Format

Send to

Choose Destination
FASEB J. 2014 Apr;28(4):1610-20. doi: 10.1096/fj.13-242669. Epub 2013 Dec 26.

Transcriptional regulators Myb and BCL11A interplay with DNA methyltransferase 1 in developmental silencing of embryonic and fetal β-like globin genes.

Author information

1
1Cell and Gene Therapy Group, Murdoch Children's Research Institute, Royal Children's Hospital, Flemington Rd., Parkville, VIC 3052, Australia. jim.vadolas@mcri.edu.au.

Abstract

The clinical symptoms of hemoglobin disorders such as β-thalassemia and sickle cell anemia are significantly ameliorated by the persistent expression of γ-globin after birth. This knowledge has driven the discovery of important regulators that silence γ-globin postnatally. Improved understanding of the γ- to β-globin switching mechanism holds the key to devising targeted therapies for β-hemoglobinopathies. To further investigate this mechanism, we used the murine erythroleukemic (MEL) cell line containing an intact 183-kb human β-globin locus, in which the (G)γ- and β-globin genes are replaced by DsRed and eGFP fluorescent reporters, respectively. Following RNA interference (RNAi)-mediated knockdown of two key transcriptional regulators, Myb and BCL11A, we observed a derepression of γ-globin, measured by DsRed fluorescence and qRT-PCR (P<0.001). Interestingly, double knockdown of Myb and DNA methyltransferase 1 (DNMT1) resulted in a robust induction of ε-globin, (up to 20% of total β-like globin species) compared to single knockdowns (P<0.001). Conversely, double knockdowns of BCL11A and DNMT1 enhanced γ-globin expression (up to 90% of total β-like globin species) compared to single knockdowns (P<0.001). Moreover, following RNAi treatment, expression of human β-like globin genes mirrored the expression levels of their endogenous murine counterparts. These results demonstrate that Myb and BCL11A cooperate with DNMT1 to achieve developmental repression of embryonic and fetal β-like globin genes in the adult erythroid environment.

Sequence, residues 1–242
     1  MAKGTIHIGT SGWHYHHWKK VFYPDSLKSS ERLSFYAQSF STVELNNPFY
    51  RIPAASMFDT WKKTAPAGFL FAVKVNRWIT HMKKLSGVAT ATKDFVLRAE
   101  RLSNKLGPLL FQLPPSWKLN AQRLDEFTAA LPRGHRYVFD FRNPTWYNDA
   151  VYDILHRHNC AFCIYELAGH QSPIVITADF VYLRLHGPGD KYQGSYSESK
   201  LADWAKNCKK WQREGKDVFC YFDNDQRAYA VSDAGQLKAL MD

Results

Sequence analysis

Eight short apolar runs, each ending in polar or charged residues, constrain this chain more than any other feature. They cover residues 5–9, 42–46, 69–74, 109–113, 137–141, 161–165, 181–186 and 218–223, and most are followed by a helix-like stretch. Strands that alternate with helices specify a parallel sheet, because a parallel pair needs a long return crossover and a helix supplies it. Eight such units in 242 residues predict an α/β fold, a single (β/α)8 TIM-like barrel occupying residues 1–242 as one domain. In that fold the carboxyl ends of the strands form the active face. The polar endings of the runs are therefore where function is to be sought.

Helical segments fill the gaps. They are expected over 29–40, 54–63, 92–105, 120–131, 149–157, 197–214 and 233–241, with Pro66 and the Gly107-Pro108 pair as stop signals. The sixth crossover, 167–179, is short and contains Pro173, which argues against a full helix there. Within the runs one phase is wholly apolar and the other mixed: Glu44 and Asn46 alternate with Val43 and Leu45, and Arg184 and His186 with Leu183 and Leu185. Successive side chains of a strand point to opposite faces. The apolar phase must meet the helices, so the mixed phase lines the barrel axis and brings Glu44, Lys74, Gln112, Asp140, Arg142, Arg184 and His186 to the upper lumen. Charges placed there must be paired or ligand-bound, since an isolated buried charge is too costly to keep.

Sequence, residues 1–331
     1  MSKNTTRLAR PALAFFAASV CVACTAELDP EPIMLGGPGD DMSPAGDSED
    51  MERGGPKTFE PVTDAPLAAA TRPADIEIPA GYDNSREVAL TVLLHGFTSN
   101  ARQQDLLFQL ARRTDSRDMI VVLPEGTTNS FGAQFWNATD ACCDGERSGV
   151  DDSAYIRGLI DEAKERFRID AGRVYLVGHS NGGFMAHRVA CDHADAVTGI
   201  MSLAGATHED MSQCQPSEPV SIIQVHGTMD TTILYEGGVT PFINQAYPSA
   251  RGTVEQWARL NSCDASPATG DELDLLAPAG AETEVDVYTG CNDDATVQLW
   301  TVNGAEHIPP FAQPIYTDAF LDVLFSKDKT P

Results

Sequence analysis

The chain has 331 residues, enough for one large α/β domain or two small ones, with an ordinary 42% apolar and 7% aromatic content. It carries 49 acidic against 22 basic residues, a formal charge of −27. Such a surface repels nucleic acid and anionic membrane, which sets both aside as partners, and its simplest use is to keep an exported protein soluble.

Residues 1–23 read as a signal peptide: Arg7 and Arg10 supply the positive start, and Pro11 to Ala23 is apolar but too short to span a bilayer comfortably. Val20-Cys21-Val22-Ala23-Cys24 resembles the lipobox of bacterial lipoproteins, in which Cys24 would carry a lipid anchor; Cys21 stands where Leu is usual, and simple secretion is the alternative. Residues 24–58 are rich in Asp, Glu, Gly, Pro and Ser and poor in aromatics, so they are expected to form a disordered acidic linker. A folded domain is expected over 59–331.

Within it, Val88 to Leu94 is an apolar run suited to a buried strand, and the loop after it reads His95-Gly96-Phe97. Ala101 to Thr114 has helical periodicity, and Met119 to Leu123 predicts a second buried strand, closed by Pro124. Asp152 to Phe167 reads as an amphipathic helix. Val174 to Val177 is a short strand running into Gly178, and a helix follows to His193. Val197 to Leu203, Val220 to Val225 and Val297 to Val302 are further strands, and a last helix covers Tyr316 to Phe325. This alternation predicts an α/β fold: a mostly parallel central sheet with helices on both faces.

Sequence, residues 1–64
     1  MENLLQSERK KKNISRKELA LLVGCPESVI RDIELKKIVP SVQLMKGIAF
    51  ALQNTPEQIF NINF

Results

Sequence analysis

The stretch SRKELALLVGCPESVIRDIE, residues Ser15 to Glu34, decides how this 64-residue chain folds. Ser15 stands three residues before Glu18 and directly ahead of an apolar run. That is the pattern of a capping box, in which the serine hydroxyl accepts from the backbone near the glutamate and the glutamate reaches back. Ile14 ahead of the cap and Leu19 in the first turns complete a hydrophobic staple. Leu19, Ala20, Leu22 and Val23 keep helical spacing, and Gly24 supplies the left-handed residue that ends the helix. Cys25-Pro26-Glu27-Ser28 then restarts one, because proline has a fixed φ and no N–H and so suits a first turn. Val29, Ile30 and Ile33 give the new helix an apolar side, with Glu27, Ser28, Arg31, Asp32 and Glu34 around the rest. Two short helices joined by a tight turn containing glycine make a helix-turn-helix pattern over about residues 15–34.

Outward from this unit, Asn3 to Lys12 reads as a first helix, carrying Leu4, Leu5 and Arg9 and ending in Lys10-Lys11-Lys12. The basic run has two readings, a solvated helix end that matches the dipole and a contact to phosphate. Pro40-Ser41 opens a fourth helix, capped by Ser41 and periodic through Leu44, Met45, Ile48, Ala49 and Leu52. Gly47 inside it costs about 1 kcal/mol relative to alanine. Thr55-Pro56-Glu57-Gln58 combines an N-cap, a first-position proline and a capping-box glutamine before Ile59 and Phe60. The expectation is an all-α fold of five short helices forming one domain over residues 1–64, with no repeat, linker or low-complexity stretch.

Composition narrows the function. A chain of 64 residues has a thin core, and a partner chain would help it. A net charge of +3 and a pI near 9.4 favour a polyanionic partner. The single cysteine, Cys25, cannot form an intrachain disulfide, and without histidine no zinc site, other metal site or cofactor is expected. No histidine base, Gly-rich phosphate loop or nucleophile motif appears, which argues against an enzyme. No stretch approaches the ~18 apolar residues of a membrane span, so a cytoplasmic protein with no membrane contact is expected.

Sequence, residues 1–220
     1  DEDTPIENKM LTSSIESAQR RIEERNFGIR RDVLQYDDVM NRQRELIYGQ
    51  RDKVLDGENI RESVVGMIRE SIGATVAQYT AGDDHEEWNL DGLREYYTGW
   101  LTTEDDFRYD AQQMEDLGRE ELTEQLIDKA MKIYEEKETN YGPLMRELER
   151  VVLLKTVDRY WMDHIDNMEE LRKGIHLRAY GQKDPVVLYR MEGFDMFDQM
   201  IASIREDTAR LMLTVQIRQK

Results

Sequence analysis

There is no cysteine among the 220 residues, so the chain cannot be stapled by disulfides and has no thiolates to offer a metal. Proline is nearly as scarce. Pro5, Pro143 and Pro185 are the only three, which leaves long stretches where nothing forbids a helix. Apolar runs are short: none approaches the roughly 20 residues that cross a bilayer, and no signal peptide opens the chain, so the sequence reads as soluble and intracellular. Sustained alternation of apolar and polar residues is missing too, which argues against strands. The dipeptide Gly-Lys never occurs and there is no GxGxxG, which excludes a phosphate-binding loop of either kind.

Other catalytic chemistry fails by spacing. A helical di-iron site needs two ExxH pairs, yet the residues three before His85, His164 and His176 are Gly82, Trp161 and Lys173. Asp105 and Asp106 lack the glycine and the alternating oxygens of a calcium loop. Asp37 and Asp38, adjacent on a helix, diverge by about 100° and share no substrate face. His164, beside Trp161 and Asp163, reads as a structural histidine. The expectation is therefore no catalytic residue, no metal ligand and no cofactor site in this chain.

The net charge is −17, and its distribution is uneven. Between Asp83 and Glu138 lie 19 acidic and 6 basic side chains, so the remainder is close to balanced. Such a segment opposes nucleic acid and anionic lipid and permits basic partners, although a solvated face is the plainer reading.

KEYWORDS:

RNA interference; epigenetic repressor; molecular mechanism; β-hemoglobinopathies

PMID:
24371119
DOI:
10.1096/fj.13-242669
[Indexed for MEDLINE]

Supplemental Content

Full text links

Icon for Atypon
Loading ...
Support Center